For a brief moment John lets himself think of Steven, of Aiden, and then there’s panic at the edge of his vision, closing in.

He blinks and it’s gone.


Break is easy. John spends most of his time with Kevin and doesn’t go anywhere near the woods. There is the ghost of Steven when he ventures close to his neighborhood, but John doesn’t ask, doesn’t ask after the queer kid, Steven something, right?

He pushes the memories away, down deep, and if he wakes up to the ghost of Steven’s laughter, well, there’s no one there to know.


It’s not until he’s back at school that John thinks of Aiden at all. He’s on a different floor in accommodations, but it looks the same, feels the same. He can almost picture Aiden sprawled out on his floor, studying for his bio-chemistry exam.

This time he isn’t surprised when he sees Aiden from across one of the quads. He’s angry, a little, and probably bitter, but there is no surprise and no warm feelings anywhere inside him. Aiden doesn’t see him and John is fiercely glad at that. There had never been any promises between them and John is feeling a bit like an ass, out of sorts and grouchy, when he runs into a tiny blond girl a moment later.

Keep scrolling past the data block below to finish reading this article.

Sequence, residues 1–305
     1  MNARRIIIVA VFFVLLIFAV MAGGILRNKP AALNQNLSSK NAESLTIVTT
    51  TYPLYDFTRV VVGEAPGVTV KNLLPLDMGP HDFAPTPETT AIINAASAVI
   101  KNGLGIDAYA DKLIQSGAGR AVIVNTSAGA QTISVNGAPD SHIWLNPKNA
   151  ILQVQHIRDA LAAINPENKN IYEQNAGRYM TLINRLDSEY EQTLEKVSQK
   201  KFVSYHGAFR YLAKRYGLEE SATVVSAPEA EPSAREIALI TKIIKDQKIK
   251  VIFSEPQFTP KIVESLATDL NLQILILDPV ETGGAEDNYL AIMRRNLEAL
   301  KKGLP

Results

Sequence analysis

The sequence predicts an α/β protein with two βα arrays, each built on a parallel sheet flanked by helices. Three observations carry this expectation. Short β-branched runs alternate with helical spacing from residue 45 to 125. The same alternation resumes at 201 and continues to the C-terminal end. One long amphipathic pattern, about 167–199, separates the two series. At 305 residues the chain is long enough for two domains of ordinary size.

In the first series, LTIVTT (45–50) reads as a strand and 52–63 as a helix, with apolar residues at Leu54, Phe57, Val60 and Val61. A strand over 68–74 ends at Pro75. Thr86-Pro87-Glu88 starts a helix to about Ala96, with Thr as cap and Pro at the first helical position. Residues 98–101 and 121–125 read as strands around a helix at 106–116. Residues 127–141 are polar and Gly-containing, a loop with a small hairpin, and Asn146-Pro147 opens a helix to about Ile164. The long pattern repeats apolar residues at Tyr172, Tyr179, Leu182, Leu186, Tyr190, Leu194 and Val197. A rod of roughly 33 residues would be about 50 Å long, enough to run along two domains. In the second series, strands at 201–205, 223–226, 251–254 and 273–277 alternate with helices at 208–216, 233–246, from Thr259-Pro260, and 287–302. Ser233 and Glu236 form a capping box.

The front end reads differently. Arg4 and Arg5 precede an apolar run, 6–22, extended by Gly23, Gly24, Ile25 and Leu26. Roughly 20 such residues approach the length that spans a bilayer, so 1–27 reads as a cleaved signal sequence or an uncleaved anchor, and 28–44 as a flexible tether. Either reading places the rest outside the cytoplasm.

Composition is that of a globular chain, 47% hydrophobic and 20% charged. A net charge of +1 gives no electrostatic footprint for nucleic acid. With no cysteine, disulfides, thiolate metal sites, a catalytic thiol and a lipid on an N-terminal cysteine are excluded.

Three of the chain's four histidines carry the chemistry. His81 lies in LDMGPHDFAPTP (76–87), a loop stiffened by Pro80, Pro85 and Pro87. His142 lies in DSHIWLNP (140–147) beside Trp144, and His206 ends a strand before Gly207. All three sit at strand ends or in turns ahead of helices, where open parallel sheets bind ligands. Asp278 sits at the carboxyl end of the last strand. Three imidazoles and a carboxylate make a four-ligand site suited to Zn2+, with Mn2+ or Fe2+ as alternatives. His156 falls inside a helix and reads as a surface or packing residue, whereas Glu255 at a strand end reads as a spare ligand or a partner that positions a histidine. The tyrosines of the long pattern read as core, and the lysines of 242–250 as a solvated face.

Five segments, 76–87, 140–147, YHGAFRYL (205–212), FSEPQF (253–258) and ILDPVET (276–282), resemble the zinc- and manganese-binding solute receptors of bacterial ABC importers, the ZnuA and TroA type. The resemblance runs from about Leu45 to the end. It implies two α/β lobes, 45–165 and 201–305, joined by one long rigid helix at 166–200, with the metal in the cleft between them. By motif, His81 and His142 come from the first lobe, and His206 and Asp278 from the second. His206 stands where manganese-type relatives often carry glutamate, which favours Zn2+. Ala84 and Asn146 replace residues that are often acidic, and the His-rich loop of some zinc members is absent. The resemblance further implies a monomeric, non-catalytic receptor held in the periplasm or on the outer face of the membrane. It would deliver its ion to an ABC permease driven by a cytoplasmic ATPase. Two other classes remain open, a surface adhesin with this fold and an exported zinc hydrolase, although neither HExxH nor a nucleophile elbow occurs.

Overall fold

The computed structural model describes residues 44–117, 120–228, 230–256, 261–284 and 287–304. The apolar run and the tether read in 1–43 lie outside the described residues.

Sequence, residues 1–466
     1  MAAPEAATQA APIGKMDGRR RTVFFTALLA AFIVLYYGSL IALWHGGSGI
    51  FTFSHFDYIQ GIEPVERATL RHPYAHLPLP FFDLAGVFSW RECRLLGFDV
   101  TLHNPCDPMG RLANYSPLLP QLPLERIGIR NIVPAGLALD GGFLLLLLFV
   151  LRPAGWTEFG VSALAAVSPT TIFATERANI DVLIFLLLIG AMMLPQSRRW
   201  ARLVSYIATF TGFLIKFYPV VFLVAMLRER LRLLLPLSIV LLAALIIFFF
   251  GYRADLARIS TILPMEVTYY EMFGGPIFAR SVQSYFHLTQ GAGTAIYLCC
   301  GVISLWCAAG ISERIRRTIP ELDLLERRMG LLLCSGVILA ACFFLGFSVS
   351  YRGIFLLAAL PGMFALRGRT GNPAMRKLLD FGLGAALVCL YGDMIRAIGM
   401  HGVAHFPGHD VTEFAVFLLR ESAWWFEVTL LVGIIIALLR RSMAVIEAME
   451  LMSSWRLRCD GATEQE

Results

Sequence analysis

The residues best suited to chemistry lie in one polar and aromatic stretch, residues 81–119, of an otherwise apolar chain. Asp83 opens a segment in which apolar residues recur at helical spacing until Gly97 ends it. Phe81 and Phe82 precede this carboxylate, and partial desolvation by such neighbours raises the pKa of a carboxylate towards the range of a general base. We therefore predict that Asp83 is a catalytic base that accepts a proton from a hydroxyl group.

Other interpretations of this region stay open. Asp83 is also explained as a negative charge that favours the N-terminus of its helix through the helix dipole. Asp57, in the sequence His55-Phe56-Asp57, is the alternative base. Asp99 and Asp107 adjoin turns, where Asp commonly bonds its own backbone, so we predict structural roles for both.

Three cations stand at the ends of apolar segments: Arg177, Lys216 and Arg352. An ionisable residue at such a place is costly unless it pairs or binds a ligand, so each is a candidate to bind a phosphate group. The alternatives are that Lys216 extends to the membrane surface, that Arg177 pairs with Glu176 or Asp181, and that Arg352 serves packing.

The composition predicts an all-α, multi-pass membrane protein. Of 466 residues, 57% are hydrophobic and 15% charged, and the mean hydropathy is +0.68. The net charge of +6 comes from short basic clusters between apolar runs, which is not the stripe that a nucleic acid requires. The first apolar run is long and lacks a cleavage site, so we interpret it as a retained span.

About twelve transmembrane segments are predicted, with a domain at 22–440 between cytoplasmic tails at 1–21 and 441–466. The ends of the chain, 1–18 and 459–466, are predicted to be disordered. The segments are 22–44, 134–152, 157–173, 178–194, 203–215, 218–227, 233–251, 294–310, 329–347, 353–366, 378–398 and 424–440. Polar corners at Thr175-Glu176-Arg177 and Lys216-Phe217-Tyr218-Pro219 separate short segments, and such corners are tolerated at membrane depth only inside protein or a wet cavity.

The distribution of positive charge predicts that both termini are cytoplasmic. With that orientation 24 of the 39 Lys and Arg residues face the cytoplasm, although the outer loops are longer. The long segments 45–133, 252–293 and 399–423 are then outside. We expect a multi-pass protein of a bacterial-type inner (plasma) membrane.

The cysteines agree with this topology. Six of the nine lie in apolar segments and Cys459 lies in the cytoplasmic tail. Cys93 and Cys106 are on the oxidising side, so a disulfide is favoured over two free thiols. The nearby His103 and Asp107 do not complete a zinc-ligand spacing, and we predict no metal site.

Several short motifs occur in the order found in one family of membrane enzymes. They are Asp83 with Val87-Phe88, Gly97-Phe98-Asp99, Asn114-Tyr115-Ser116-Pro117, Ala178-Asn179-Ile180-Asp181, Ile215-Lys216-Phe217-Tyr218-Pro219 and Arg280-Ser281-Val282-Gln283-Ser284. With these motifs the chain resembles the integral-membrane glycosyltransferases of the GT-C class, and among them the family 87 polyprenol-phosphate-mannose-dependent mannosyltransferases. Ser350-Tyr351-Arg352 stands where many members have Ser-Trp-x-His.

“Fuck. I am so – such a shite.” Her coffee looks untouched though and she’s smiling up at him.

“No harm done,” she says. “I’m Rosie.”

Her hand is dwarfed by his when they shake and over coffee – another for her and tea for him – they discover a shared course. After an hour John realizes that he actually likes her, that he isn’t just tolerating her insistence that he sit, stay, talk.

“No,” John says, two weeks later as they walk to class. He maybe would have tried harder to say no to her back on that first day if he’d realized then just how bossy she was.

“John Dixon,” she says and something about it makes him think of Steven. The tone of her voice or the set of her mouth, and for the first time it doesn’t hurt. Suddenly he’s smiling, laughing, and Rosie goes from annoyed to confused to worried.

“You’re a strange one, John Dixon,” she says and he follows her to class still laughing.


She’s all blond hair and mocking wit and John wishes he could just fall in love with her. There could be tiny blond babies and a house, not like his parents’, but something small they could grow into.

John doesn’t honestly spend too much time thinking about it, but Kevin comes to visit in mid-February. John’s just starting to worry about end-of-term exams, too busy with running and papers to pay too much mind to Kevin’s “and you have to introduce me, Johnny. You’ve been spending a lot of time with her, yeah?”

It sounds identical to what his mother had said less than a week before. In the middle of some story about Rosie and a pub and how the two just don’t mix, she’d said, “she sounds lovely, dear.” John’s got a dozen or so stores, but he hadn’t realized quite what it could sound like until the innuendo in Kevin’s voice and his eagerness to meet her.